6. Where are the helicopters and the swat teams?

    Under pressure, Utah BLM fast-tracks plea to round up wild horses

    The Salt Lake Tribune) Iron County Commission Chairman David Miller, left, and Beaver County Commissioner Mark Whitney discuss the failed attempt to lure wild horses into a water corral on private land northwest of Cedar City, Wed., April 23, 2014. (picture)

    Under pressure from ranchers and southern Utah elected leaders, the Bureau of Land Management’s Utah office is fast-tracking proposed roundups of wild horses on the state’s parched southwestern ranges.

    County commissions in Iron and Beaver County, heeding angry ranchers who have been asked by the BLM to cut their livestock grazing in half, had been threatening to round up the horses themselves in early April.


    The commission, Miller said, has not ruled out euthanizing wild horses it may decide to capture, but that is not the plan.




  7. This is gonna sound bad but here me out for a second. Utah doesn’t want horses. Fine. Let the BLM come in and do what we hate them doing.


    And NO government monies from there on to ANYONE in Utah. No welfare, no medicare, no monies for highways, no Senators. Basically they are there own country. No trade agreements. Our money isn’t recognize by Utah or vice vs.

    We can’t ship trains in or out cause of those non existing trade agreements. So their cattle can rot from within. Too bad about the national parks but the state wanted the land.

    Remember Utah BLM lands. Well BLM is under DOI who oversees the NPS. So the next question really is–is Utah trying for a land grab for the NPS land?


    • Good luck with that. I really do not see having even the smallest voice on these matters anymore. Money does the talking in this country. I don’t have any.


    • Margaret, I suspect a lot of Utahns would like that offer, sadly. Remember the Mormons moved West, past the boundaries of any governments to found their colony and their church in what only later became the state of Utah.


  8. Utah landowners get $9M for sage grouse protection
    Ben Lockhart, The Associated Press
    Apr 30 2014

    Wyoming landowners received nearly $77 million and Utah nearly $9 million in federal funding during the last three years in exchange for conserving more than 1 million acres to protect sage grouse, recently released government figures show.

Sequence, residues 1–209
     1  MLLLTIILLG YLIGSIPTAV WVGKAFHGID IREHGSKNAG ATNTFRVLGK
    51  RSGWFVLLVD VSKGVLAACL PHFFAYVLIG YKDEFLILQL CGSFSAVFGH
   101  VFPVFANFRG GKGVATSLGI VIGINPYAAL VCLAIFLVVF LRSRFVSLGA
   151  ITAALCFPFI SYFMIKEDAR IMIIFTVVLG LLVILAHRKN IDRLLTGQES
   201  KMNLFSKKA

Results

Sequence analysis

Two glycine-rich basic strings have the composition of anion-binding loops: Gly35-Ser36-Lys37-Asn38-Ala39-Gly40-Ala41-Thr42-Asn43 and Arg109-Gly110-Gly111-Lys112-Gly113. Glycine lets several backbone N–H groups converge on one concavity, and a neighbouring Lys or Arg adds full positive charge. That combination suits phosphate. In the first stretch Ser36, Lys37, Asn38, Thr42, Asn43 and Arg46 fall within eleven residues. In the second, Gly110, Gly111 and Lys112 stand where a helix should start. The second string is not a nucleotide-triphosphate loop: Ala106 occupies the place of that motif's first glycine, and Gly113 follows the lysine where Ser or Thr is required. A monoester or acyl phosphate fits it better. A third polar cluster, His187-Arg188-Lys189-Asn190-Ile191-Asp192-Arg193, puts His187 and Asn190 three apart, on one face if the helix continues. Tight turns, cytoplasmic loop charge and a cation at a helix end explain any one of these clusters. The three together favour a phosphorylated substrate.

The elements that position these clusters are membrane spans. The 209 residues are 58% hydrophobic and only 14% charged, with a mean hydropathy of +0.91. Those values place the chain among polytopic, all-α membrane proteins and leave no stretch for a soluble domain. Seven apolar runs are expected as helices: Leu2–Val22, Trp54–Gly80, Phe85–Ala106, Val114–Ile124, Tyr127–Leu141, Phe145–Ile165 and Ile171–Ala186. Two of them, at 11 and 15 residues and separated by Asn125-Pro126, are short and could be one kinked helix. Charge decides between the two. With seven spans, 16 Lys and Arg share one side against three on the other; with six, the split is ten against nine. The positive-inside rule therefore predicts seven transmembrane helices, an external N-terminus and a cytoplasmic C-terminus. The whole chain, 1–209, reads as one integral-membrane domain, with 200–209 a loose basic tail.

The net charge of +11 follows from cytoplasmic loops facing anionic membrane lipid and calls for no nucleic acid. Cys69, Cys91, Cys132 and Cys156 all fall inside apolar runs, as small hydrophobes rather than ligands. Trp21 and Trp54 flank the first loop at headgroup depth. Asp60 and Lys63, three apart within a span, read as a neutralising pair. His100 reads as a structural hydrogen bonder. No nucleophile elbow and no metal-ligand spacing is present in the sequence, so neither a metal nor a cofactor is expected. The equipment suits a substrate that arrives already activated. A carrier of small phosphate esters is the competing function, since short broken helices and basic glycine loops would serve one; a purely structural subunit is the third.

Utah has received about $8.8 million in the past three years as part of these efforts to create better habitats for the bird. About 100,000 acres in Utah are affected by the funding, 62,000 of which are in Box Elder County. Wayne and Tooele counties make up most of the additional acreage.


  9. Utah ranchers sue BLM, demand removal of wild horses

    Angered by the amount of money the BLM used to attempt to remove illegal cattle in Nevada, Utah ranchers now demand that over half of the wild horses in their area be removed – the total numbering around 1800. These horses live on the public land provided by law for them. The ranchers claim they are living on their private land. Funny how previously they did not use this claim…before it was just about their rights to have their cattle graze on public land. Anything to rid the area of wild horses. Now a lawsuit. If you were to only read the first half of the article, you would think the numbers of wild horses to far higher. After reading, be sure to comment on the original article as well as ours. Let your voice be heard! ~ HfH
    From: The Salt Lake City Tribune
    By: Kristen Moulton
    (Picture) Rick Egan The Salt Lake Tribune) Iron County rancher Matt Wood, one of the plaintiffs in a new federal lawsuit against the Bureau of Land Management, talks about the number of wild horses on BLM land where he grazes his cattle northwest of Cedar City

    Thirteen ranchers in southwestern and central Utah are asking a federal judge to order the Bureau of Land Management to control the burgeoning number of wild horses that share the range with their cattle and sheep.